Parrish looked into the matter, noting that Stringfellow and Kelley kept up that story through 1856. For a Kansan, Atchison did a great deal of living in Missouri. With no family of his own, he kept rooms at a Platte City hotel. He probably also rented rooms in Atchison and may have used them, but Parrish looked deep into the land records and never found evidence that Atchison bought a parcel. In my own research, Atchison always comes over from Missouri rather than down from his namesake town. The Sovereign could claim that the senator had the same basis for residence in both jurisdictions, but it doesn’t look like he lived that way.

Whether Atchison ever had serious plans to make himself a Kansan or not, others did. Late April brought the largest group of southern colonists, Jefferson Buford’s organization, arrived to do their part in saving Kansas for slavery. When Southerners came through, Atchison took an interest in them. South Carolinians particularly drew his eye and he personally housed the children of friends and others who came in their company. Corespondents asked him to advise the young men they sent on “where to settle, how to vote, and if necessary, when to fight.” Atchison the man did as asked, showing new arrivals around Atchison the town. When they came with money for him to use, he let them keep it but stood ready with advice on how to best spend their funds. In turn, the new arrivals admired Atchison well enough to honor him at banquets.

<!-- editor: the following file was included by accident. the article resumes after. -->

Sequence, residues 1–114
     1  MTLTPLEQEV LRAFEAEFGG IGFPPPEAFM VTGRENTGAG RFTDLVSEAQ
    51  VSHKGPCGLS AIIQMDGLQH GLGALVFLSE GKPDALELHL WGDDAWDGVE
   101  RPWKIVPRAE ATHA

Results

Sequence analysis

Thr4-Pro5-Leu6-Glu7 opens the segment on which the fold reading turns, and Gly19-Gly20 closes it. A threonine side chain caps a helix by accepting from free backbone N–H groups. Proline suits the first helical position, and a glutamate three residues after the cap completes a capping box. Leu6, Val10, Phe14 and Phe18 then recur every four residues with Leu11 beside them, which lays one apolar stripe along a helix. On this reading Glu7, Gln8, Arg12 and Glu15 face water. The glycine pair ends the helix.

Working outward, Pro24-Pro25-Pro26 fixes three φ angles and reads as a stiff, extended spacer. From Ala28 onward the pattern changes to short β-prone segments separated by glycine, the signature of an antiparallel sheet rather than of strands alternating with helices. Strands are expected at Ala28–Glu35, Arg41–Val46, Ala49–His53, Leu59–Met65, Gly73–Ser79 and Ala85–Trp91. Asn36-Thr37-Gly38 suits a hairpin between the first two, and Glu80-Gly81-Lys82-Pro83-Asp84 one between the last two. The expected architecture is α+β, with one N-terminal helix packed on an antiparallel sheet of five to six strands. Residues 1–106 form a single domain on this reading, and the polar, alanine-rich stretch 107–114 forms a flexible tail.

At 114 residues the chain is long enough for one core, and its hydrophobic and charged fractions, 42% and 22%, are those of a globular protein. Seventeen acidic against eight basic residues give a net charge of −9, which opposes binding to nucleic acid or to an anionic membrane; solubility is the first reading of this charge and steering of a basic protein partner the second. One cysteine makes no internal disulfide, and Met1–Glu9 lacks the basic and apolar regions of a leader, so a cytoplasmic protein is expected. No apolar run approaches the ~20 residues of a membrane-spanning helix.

“The prosperity or ruin of the whole South” A Closer Look at David Rice Atchison, Part Three

David Rice Atchison (D-MO)

Parts 1, 2

Proslavery Missourians and antislavery Kansans had a parallel series of conventions in their respective jurisdictions. We left David Rice Atchison, late senator from Missouri, firmly turning down the effort to turn one into the start of his reelection campaign. Bourbon Dave had given up on Washington, at least in the near term, in favor of saving Kansas for slavery. Through it, he would also save slavery in Missouri, Arkansas, and Texas, and spread it to the other territories.

In the summer of 1855, almost everything turned out to Atchison’s liking. His border ruffians had secured the Kansas legislature for their own men. They ousted Andrew Reeder, who had defied them. Between governors, Daniel Woodson filled in and he had already proven his proslavery bona fides. That Franklin Pierce passed him over to appoint Wilson Shannon did not thrill the Missouri border, but Shannon soon earned the endorsement of Atchison’s Kansas-based organ, the Squatter Sovereign. The fall brought invitations for Atchison to go east and speak for the cause, as he had probably done during the winter. He declined them, citing obligations at home, but answered with a letter that made his case.

We (“the border ruffians”) have the whole power of the Northern states to content with, single-handed and alone, without assistance and almost without sympathy from any quarter; yet we are undismayed. Thus far we have bewen victorious and with the help of God, we will still continue to conquer. … The contest with us is one of life and death, and it will be so with you and your institutions if we fail. Atchison, Stringfellow and the “border ruffians” of Missouri fill a column of each abolition paper published in the North; abuse most foul, and falsehood unblushing is poured out upon us; and yet we have no advocate in the Southern press-and yet we have no assistance from the Southern States. But the time wilol shortly come when that assistance must and will be rendered. The stake the “border ruffians” are playing for is a mighty one. … In a word, the prosperity or ruin of the whole South depends on the Kansas struggle.